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Volume 2, Number 2—April 1996

Dispatch

The Reemergence of Visceral Leishmaniasis in Brazil

Jorge R. Arias*, Pedro S. Monteiro†, and Fabio Zicker‡
Author affiliations: *Pan American Health Organization, Brasilia, Brazil; †National Visceral Leishmaniasis Control Program, Ministry of Health, Brasilia, Brazil; ‡Pan American Health Organization, Washington, D.C.

Suggested citation for this article

Because of a complex array of factors, an increasing number of new and reemerging infectious diseases are being recognized in both industrialized and developing countries in the Americas (1,2). The expanding population, living in overcrowded conditions with inadequate housing and sanitary facilities, has been exposed to new diseases and human pathogens. For example, the appearance of the South American arenaviruses (Junin, Machupo, and Guanarito) illustrates how exploitation of new areas for human settlement and agriculture increases the likelihood that new infectious diseases will emerge. Cholera, plague, AIDS, dengue hemorrhagic fever, and urban/periurban visceral leishmaniasis are examples of new and reemerging diseases in the region.

In tropical America, zoonotic visceral leishmaniasis caused by Leishmania chagasi, an intracellular protozoon, is a long-lasting infectious disease characterized by weight loss, cough, fever, diarrhea, hepatosplenomegaly, and lethargy. Since not all symptoms appear simultaneously, and many other conditions manifest the same symptoms, the diagnosis is not always opportune. This disease is different from the anthroponotic form of visceral leishmaniasis found in Sudan and India. In the New World this disease is more common among poor, malnourished children (3) under 15 years of age who live in semiarid regions. The case-fatality rate is low if pentavalent antimony therapy is introduced promptly (4). The disease has also been reported in immunodepressed persons, especially those with HIV infection.

The domestic dog is the principal animal reservoir of L. chagasi and, as the constant companion of humans throughout the endemic-disease area, contributes to the dispersal of diseases during human migrations. The protozoon is transmitted from one mammalian host to another, including humans, primarily by the bite of a sand fly who has fed on an infected dog. In the Americas, the principal sand fly vector is Lutzomyia longipalpis (5). This 2- to 3-mm long fly has peridomestic and intradomiciliary habits (6) and avidly bites humans at night, primarily during twilight, while the host is resting.

Visceral leishmaniasis is usually diagnosed by identifying the parasite in spleen aspirates; microscope examination of bone marrow aspirates offers a satisfactory alternative. Specific antibodies may be detected by immune-enzymatic reactions and immunofluorescence, but these methods lack specificity and are too complex to be carried out in the field. TRALd, a recently developed diagnostic test, consists of a 60-second dipstick, based on a recombinant protein rK39 of a sequence of 298 amino acids and an improved serologic procedure (7). The procedure is undergoing field testing and appears to be a promising tool for control programs.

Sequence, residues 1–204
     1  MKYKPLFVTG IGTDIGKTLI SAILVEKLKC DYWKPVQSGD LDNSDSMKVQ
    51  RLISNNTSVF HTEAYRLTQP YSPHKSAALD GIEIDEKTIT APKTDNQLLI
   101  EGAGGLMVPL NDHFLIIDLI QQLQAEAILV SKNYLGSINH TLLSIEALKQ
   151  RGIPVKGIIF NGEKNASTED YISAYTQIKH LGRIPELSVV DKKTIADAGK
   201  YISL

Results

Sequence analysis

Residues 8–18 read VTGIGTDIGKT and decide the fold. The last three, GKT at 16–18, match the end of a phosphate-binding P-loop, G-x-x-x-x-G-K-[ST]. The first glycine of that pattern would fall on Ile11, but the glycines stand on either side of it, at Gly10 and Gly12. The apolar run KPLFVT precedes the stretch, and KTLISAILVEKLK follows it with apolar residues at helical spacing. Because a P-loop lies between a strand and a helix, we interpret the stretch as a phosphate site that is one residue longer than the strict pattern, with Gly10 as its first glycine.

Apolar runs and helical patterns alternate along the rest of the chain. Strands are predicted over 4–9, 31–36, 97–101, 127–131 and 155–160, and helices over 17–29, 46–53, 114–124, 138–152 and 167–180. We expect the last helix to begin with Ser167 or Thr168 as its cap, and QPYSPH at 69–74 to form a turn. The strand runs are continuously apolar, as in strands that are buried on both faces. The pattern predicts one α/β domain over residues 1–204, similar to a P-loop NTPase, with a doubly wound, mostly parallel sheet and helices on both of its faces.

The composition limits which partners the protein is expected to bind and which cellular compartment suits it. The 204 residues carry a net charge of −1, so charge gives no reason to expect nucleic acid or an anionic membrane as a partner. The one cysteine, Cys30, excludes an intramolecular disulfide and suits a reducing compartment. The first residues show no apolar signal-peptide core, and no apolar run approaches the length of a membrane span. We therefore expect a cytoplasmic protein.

Although visceral leishmaniasis was previously known as a rural disease, large outbreaks and epidemics of visceral leishmaniasis have been reported recently in large cities in Brazil because of the favorable epidemiologic conditions associated with the reduction of the natural ecologic space of this zoonosis. Waves of droughts, lack of available farm land, and famine have led to a large migration of the population, to the peripheral suburbs of large cities, creating densely populated settlements of shanties (favelas) with minimal infrastructure and sanitation. Most families that migrate are young, less-established farmers of peak child-bearing age; children under 15 years of age account for a large percentage of the entire population. In these communities, the newly introduced disease (parasite) encounters a vast number of nonimmune hosts who, because of poor living conditions, are malnourished; malnutrition is one of the prime risk factors for L. chagasi infection and visceral leishmaniasis (3). The habit of keeping domestic animals such as dogs, chickens, and horses in the back yard provides an abundance of blood meals for sand fly vectors and raises vector population densities dramatically.

Figure 1

Thumbnail of Number of cases of visceral leishmaniasis from the state of Pianuí, Brazil, 1971 to 1994.

Figure 1. Number of cases of visceral leishmaniasis from the state of Pianuí, Brazil, 1971 to 1994.

Figure 2

Thumbnail of Number of cases of visceral leishmaniasis from the state of Maranhão, Brazil, 1979 to 1994.